In a world that is often dim, plagued by death, we are persistently being told to center pleasure and to call in joy, leaving little space for the mourning oftentimes demanded by our own survival. To grieve is to be liberated from grief itself, but where do we go to grieve when there is no remaining occupancy on the inside? How then are we able to free it?
In 2010, filmmaker Ira Sachs felt the weight of grief upon him as he thought about the mentors that he might have had while coming of age as a gay, male artist in the eighties — artists like Keith Haring, Robert Mapplethorpe, and Charles Ludlam whose lives were cut short by the AIDS virus. As a form of elegy, Sachs produced the film, “Last Address,” an 8 minute cinematic collection of exterior images of the last residential addresses of New York City artists who died from AIDS between 1983 to 2007.
Toni Morrison teaches us that liberation lies within the process of rememory. And rememory requires revisiting.
Alex Fialho, a young curator who had seen Sach’s film shortly after moving to New York, was inspired to visit the sites himself. “Keith Haring’s address at 542 LaGuardia Place, Felix Gonzales-Torres’s address at London Terrace on W. 23rd Street,” Fialho recounts to NPR, “That personal ritual of remembrance really gave me a sense of the lived experience of these artists who I greatly admired.” Wanting to grant others the same opportunity, Fialho used his connections as the (then) programs director for the nonprofit arts organization, Visual AIDS, to partner with New York’s theaters and museums to curate “Last Address” tribute walks. Not only did the walks memorialize the homes of queer artists, but of key AIDS related sites in the city as well.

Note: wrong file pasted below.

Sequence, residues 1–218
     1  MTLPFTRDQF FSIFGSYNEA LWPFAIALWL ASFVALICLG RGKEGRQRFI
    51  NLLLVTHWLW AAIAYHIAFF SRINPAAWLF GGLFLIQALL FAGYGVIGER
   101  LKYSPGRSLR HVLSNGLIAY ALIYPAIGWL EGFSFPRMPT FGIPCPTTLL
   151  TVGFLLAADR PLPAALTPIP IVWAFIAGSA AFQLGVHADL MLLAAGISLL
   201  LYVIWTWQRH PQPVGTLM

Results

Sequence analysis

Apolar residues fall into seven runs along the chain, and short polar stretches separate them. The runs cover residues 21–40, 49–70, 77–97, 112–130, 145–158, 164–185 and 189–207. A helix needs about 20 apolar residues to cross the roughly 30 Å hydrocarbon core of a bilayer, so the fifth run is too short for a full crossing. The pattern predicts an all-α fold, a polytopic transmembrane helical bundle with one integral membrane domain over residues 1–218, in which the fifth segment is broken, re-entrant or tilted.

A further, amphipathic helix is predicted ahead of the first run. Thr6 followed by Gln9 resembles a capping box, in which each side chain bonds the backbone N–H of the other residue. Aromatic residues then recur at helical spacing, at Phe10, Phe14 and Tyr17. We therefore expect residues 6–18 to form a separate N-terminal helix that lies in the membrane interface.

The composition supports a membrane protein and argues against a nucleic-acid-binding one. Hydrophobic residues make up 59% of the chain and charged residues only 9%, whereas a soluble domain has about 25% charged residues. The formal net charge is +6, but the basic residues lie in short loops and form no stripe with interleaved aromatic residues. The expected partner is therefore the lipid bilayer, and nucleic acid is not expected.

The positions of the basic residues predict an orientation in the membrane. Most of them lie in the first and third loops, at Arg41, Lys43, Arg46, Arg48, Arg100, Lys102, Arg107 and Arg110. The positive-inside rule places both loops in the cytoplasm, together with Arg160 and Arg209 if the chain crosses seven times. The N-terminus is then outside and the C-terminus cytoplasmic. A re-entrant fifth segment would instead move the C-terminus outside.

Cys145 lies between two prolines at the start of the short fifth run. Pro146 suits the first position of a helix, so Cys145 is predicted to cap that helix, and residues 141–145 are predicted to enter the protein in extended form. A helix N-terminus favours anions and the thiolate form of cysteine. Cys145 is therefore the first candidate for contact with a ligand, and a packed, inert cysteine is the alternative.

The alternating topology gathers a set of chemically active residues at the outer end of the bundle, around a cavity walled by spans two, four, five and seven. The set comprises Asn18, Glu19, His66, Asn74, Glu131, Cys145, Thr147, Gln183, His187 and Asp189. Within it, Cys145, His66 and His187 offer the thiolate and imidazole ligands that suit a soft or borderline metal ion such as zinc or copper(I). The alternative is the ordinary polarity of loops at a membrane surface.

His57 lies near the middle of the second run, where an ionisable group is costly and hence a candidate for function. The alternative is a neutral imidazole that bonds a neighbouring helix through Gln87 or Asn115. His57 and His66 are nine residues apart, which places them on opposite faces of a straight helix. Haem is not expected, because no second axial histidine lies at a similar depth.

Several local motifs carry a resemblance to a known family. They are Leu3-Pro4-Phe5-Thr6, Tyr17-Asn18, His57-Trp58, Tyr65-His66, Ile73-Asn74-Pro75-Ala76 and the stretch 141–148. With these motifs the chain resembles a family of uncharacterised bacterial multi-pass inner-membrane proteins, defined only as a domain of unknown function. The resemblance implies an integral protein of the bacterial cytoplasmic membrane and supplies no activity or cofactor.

Fialho’s tribute walks have been hosted annually since 2014, (minus a two year pandemic pause between 2020 and 2021), and have spanned from the East Village to Times Square. This year as the walk returned on Saturday, May 28, there was an intentional pivot mapped onto the plan.
Originally suggested by Black lesbian poet, artist, and activist Pamela Sneed, the “Last Address” walk of 2022 would be held in Harlem. Sneed, whose book, “Funeral Diva,” took home the 2021 Lambda Literary Award for lesbian poetry, recalls all too well the era that called for her presence at more homegoing services than most. Her book gives an account of how often she was requested to speak or perform at funeral services throughout the height of the AIDS crisis, earning her the nickname.
Sneed also recalls the erasure of Black and queer artists from the history of AIDS activism, despite both being at the forefront of the movement, as well as serving as caretakers for the gay men around them living with HIV. Artists like photographer Lola Flash who after moving to New York in the eighties, immediately got involved by attending Act Up demonstrations and taking pictures to spread awareness. She was also notably featured in the 1989, “Kissing Doesn’t Kill” poster which appeared on billboards, buses, and subway stations.
Fialho, Sneed, and Blake Paskal, who’s both affiliated with Visual AIDS and the Studio Museum in Harlem worked to collaboratively produce this year’s walk. They were additionally assisted by Black LGBTQ+ elders including activist Antionettea “Dreadie” Etienne, and ballroom legends Luis Ortiz, and Lee Soulja Simmons to identify notable people and historical landmarks. After kicking off with a screening of “Last Address,” at Maysles Documentary Center, the doorstep tributes commenced, beginning with an introduction at each stop, led by someone who was close to, or highly engaged with the person or place being highlighted. The tour featured stops at the Elks Lodge, of “Paris is Burning” fame, the Lenox Lounge, and the last address of Black gay writer B. Michael Hunter. A full assemblage of archival materials and other resources can be found on the Studio Museum of Harlem website’s Last Address Tribute Walk: Harlem resource page.